As small businesses around the country await funds from the landmark Coronavirus Aid, Relief, and Economic Security (CARES ) Act, indie publishers and booksellers are having mixed experiences trying to secure this financial lifeline. “We keep telling our members to apply. Don’t wait too long and have the money disappear,” said Angela Bole, the CEO of the Independent Book Publishers Association which is based in California. “Some seem to have sailed through the application process, but many are finding it difficult to interpret as the application requirements seemed to shift in real-time over the first few days of availability.”

Red Hen Press was one of those indie publishers who struggled with the process. “I don’t know anyone in the arts world who has got this CARES funding,” said cofounder Kate Gale, stressing how important these funds are for the future of the 25 year old press. “The biggest expenses for any publisher are payroll and printing, and we need our staff to keep their jobs if we can keep publishing,” she said.

Red Hen publisher Mark E. Cull had an appointment at the Bank of America on the very first day applications were accepted for CARES funds, but was turned away, even though Red Hen had held an account with the bank for a quarter century. The rejection was based on the fact that the business didn’t have a current loan with the bank, a policy that has since been changed. After the policy adjustment, Red Hen immediately reapplied, but the press had lost its spot in the metaphorical line for funds. “Our application is so far down the queue we are pretty certain the money is already gone,” said Cull. Funds have since run out, though Congress is expected to pass new legislation for additional funding this week.

Separate from the paycheck program, the Small Business Administration (SBA) expanded its Economic Injury Disaster Loan (EIDL) program, which is supposed to provide up to $2 million in emergency loans for small businesses affected by the Covid-19 crisis. That program quickly became overwhelmed by applicants and is no longer accepting applications. Red Hen received $9,000 as a grant advance from the SBA’s program—$1,000 per employee. Still, the press needs more emergency funds to continue operations. “That was supposed help pay our staff through June,” Gale said, referring to the publisher’s pending applications for aid. “That was going to give us some breathing space to gather our board and talk to our donors.”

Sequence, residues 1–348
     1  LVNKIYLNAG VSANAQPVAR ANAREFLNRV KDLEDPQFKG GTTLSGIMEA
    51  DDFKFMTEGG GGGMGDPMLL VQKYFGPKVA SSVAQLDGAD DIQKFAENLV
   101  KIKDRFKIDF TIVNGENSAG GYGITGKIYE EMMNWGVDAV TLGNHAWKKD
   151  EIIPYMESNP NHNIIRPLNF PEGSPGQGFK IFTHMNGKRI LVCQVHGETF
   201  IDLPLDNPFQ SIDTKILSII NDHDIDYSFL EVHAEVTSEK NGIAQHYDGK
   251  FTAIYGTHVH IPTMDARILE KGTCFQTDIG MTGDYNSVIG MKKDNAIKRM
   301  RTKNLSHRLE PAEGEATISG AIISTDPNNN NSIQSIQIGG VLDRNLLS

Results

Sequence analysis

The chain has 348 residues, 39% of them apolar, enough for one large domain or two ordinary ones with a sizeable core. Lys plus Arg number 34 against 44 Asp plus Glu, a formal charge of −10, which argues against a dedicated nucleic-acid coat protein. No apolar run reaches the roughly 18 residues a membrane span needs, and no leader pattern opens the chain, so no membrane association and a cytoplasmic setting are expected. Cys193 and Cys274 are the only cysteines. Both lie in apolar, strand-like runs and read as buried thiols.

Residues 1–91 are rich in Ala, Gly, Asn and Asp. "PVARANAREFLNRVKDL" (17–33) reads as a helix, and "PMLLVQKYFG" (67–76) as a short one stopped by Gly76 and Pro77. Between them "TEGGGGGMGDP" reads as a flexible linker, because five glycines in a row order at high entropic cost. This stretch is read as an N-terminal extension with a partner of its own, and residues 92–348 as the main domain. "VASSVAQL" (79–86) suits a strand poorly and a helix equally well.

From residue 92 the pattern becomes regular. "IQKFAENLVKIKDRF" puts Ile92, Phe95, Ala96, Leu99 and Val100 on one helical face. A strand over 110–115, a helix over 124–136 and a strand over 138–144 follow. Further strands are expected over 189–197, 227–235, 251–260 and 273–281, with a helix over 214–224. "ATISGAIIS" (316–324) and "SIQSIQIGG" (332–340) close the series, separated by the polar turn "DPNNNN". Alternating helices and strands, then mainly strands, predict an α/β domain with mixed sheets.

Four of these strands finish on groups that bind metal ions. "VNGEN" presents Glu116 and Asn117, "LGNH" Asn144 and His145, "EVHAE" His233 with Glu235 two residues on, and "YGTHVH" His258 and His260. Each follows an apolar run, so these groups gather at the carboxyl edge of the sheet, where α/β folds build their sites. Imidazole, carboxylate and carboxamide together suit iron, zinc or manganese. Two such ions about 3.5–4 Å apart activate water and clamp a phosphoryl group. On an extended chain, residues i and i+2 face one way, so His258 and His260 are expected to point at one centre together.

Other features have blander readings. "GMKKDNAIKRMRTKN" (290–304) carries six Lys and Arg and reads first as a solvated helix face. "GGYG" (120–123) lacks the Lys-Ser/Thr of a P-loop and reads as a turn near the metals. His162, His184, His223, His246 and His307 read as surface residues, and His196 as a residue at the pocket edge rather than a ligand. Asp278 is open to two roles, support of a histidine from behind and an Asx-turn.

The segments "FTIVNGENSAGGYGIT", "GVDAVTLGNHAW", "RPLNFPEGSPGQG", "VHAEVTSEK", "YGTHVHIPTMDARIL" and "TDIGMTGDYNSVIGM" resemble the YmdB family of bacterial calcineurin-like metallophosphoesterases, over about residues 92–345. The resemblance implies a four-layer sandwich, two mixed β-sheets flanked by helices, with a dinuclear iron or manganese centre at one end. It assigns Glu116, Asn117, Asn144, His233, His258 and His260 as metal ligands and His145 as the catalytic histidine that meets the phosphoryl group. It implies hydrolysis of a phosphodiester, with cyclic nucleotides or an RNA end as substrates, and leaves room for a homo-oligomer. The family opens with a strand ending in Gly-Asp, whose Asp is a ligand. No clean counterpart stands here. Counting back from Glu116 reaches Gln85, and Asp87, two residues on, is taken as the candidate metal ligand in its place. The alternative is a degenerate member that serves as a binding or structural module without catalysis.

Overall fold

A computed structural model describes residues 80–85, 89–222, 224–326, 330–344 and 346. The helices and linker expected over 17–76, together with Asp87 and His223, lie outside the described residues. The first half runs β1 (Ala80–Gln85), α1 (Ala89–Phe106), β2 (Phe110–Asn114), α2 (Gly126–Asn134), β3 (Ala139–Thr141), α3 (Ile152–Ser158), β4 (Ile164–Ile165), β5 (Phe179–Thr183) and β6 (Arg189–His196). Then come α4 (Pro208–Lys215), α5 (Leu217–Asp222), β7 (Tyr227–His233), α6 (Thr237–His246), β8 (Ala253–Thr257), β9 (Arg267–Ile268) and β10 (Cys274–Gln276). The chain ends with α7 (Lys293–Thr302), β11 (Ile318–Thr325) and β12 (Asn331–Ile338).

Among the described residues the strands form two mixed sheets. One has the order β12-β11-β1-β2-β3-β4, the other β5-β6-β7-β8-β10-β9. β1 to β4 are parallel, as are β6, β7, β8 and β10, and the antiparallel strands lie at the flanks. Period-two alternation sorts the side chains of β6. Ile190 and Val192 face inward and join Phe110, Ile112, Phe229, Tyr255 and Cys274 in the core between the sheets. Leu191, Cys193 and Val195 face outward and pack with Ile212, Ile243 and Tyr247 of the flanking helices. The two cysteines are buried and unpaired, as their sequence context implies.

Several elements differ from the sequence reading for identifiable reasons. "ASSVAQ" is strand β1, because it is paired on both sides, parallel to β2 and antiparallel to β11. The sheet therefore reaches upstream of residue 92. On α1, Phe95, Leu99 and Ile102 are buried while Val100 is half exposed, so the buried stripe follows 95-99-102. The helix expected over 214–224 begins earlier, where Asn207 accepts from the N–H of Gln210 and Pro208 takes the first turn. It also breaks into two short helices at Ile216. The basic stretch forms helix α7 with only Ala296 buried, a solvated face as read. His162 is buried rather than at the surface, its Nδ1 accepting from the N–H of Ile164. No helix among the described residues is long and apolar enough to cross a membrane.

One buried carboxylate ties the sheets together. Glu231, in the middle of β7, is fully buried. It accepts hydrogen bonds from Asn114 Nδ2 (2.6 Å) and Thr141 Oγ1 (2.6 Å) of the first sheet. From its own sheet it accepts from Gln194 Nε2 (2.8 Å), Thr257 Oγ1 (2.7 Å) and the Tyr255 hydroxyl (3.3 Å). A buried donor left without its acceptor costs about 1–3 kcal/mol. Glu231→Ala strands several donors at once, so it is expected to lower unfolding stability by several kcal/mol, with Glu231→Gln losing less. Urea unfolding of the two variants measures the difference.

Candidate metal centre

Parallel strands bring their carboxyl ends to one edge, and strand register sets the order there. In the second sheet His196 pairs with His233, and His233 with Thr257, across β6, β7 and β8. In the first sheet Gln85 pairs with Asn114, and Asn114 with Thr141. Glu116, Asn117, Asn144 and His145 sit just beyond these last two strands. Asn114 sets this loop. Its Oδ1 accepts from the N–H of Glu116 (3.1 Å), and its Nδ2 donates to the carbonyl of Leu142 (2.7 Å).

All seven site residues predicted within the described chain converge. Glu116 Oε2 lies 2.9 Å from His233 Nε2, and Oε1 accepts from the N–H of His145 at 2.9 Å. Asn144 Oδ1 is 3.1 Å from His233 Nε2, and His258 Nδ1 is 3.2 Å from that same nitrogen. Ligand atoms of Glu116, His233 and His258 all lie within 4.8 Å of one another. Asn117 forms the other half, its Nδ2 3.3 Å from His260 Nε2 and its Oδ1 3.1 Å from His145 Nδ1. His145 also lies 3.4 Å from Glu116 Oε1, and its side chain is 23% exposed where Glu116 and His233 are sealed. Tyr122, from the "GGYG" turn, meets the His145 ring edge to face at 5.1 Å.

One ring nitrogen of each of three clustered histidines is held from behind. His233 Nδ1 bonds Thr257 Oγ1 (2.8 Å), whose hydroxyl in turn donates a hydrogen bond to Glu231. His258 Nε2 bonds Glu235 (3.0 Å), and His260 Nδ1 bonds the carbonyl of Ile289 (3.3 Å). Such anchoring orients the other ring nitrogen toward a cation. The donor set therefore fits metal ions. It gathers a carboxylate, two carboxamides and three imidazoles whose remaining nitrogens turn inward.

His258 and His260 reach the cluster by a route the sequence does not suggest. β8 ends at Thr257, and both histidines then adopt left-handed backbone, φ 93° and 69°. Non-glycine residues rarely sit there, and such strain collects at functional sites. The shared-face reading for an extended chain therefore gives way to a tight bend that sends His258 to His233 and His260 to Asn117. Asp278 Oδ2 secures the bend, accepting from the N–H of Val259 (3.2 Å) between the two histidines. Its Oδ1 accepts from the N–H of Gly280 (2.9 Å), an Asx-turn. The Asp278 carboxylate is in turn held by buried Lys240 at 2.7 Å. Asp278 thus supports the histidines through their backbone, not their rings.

“The funds have been slow to arrive, or slower than promised,” said Bole, the CEO of IBPA. “I don’t think it’s conspiracy. They passed a $2.5 trillion stimulus act in 90 hours into a society that’s not used to this. It’s going to take longer than they thought,” she said.

Meanwhile, Maggie Langrick, publisher of LifeTree Media, has been in the process of transitioning her nonfiction press from Vancouver to California. The company is still technically a Canadian corporation and have not fully migrated operations to the United States, so the indie press doesn't qualify for the CARES Act support.

Instead, the publisher has applied for support from the Canadian government. “The application process was super easy,” said Langrick. “It only took about five minutes.” She expects to get “a wage subsidy,” comparable to the U.S.’s Payroll Protection Program. “Canada's program will cover 75% of an employee's wages, up to an annual salary of about C$58,000,” she said. “This benefit runs for 12 weeks, but I expect they'll extend it if the shutdown is still in place past June.” She has also applied for an interest-free C$40,000 loan to survive this difficult period. “It's going to help a lot,” she said.

Indie booksellers have largely sought support from the CARES Act Payroll Protection Program. Nina Barrett, owner of Bookends and Beginnings in Evanston, Ill. participated in an American Booksellers Association training with more than 100 fellow booksellers on how to apply for payroll support. “Only one person had gotten it,” Barrett said.

A 30-year customer of Chase, Barrett said the process of applying left her in despair. Dates for the initial application form were changed and the documents she was told to prepare when entering the bank’s online portal were not the ones she needed once she went on the site, which eventually crashed when she submitted on behalf of herself and three employees.

“I felt like a racehorse that has been prepping for the Kentucky Derby and been standing there at the starting gate and then the gun goes off and then there’s a thing in your path that trips you as take your first step out of the gate, and you’re just staring up at the sky wondering what happened,” Barrett said.

Like other independent booksellers who spoke with PW the process left Barrett with little faith that the program will be administered well, and suspicions about how the funds will be distributed if Congress passes supplemental funding. “I don’t ‘think the queue is randomized,” Barrett said. “I think they’re taking their biggest customers and making sure that they get served, because no one I know who owns a small bookstore or a small business in Evanston has gotten a loan.”

Claire Kirch contributed reporting to this article.